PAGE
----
A pioneering engine in the last days of steam on BR

As steam was drawing to a close, British Railways made one last attempt to improve its steam fleet. In 1961 ‘Bahamas’ was chosen by BR for its very last experiment, the culmination of steam power development started with ‘Rocket’ in the 19th century.

Saved for preservation by the Bahamas Locomotive Society (BLS), 45596 was one of a handful of engines selected by BR to haul a series of embryonic ‘Return to Steam’ excursions in the early 1970s.

A ‘Jubilee’ worth celebrating

Built in 1935, ‘Bahamas’ lasted almost to the end of steam, before being rescued by BLS and moved to their base at Dinting, eventually relocating to Ingrow in 1990.

Once located on the KWVR, 45596 has operated a number of branchline trains but it is out on the mainline that the engine shows its true metal, giving an exhilarating performance when returning to the mainline in February 2019 with a tour from Oxenhope to Carlisle.

Data File

Built: 1935 North British
Boiler Pressure: 225 psi
Tractive Effort: 26,610 lbf
Weight: 79.55 tons engine, 53.65 tons tender
Valve Gear: Walschaerts
Cylinders: 17in x 26in Outside
Numbers carried during working career: LMS 5596, British Railways 45596

31 years serving the LMS and British Railways

The ‘Jubilee’ class of locomotive was designed by Sir William Stanier on his arrival at the London Midland and Scottish Railway. During his review of locomotive requirements he found that the company required a locomotive capable of hauling fast secondary express passenger services between major cities but where loading gauge restrictions may exclude his newly built 4-6-2 Pacific Princess Royal class engines. This class of engine was derived from an older class of engine known as the Patriot Class which had been designed by his predecessor, Henry Fowler.

On introduction to service, they did not impress either the management or the footplate crews and they initially gained a reputation for being poor steamers. After various tests and modifications to improve the boiler design, however, they became efficient performers and the class survived until within 12 months of the end of steam on British Railways, the last being withdrawn from traffic in October 1967. The class became known as Jubilees, after the first of the class was named ‘Silver Jubilee’ to coincide with celebrations to mark King George V’s 25th anniversary on the throne.

As no. 5596, ‘Bahamas’ was built in the Scottish area of the LMS by the North British Locomotive Company and entered service with the London Midland & Scottish Railway in January 1935. The engine was initially allocated to Crewe before moving on to various sheds around the English area of the LMS including Carlisle Kingmoor, Grimethorpe and Millhouses in Sheffield. Finally, no.45596 (as it had become by then under BR) was allocated to Stockport Edgeley in 1962. The engine remained here for four years and after hauling a number of enthusiast’s specials was withdrawn from traffic.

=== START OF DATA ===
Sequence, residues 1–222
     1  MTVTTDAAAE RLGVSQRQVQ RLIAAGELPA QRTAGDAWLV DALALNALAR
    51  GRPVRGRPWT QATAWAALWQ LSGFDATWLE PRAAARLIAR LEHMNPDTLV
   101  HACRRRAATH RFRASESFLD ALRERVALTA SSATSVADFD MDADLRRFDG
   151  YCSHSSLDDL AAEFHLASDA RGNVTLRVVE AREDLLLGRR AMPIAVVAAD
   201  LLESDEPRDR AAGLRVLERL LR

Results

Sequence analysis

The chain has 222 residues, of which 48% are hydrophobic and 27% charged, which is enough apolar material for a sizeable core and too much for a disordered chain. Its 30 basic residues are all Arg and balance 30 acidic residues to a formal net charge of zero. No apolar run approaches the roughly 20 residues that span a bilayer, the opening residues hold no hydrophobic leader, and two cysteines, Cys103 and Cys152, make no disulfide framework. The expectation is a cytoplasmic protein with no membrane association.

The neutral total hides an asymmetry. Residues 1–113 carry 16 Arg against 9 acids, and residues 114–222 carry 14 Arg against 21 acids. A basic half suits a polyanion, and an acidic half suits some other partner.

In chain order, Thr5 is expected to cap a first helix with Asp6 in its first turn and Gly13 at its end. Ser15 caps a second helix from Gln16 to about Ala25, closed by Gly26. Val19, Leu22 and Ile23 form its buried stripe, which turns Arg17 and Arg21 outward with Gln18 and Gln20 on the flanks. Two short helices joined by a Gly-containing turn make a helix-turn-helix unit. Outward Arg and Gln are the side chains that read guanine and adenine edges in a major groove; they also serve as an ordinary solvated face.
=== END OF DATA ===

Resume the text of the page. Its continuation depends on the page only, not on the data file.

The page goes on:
Down but not out

Rather than being sent for scrap however, the loco remained at the back of the shed until purchased by the Stockport (Bahamas) Locomotive Society in mid 1967. The engine then moved to the Hunslet Engine Company in Leeds for overhaul and was restored to service in LMS Crimson Lake Livery.

No. 45596 then steamed over the Pennines to Stockport (Edgeley) depot and went on display with other preserved engines for a week until moving to the depot in Bury. Late in 1968 the engine moved to the old steam shed at Dinting in Derbyshire where she remained for the next 21 years until the owning Society were required to give up their occupancy of the site. Eventually the engine and the Bahamas Locomotive Society found a new home at Ingrow, here on the Keighley and Worth Valley Railway in 1990.

When steam was allowed back onto the mainline by British Rail, ‘Bahamas’ was one of the selected few engines to grace the new steam scene and between 1972 and 1994 operated many railtours across the national network. Retired from mainline duty the engine ran on preserved lines until its boiler certificate expired when the locomotive was committed to Oxenhope Exhibition shed as a static exhibit.

During 2012 a successful application was made to the Heritage Lottery Fund to enable the overhaul of ‘Bahamas’ to be undertaken by contractors and thus speed the process of its return to working order. By December 2013 work had commenced on the boiler, wheels and frames at the Tyseley Locomotive Works in Birmingham with work on the tender and small parts at Ingrow Loco.

Work progressed to the point that on the 28th September 2018, a fully restored and resplendent 45596 steamed at Tyseley. Returning to Ingrow early in 2019, ‘Bahamas’ made its mainline debut on the 9th February hauling a sell-out commemorative special from Oxenhope to Carlisle, its first mainline outing since 1994. The feat was repeated a week later on the 16th February, their success raising hopes of future Oxenhope – Carlisle excursions, followed by participation in the Spring Steam Gala in March. On the 29th March 2019, a special rededication ceremony took place at Ingrow West to officially relaunch ‘Bahamas back into traffic. Later in the year ‘Bahamas’ was operating on the mainline around the Midlands.

The Oxenhope – Carlisle railtour was repeated in February 2020 but the Spring Steam Gala was the engines last steaming before the COVID-19 restrictions were imposed.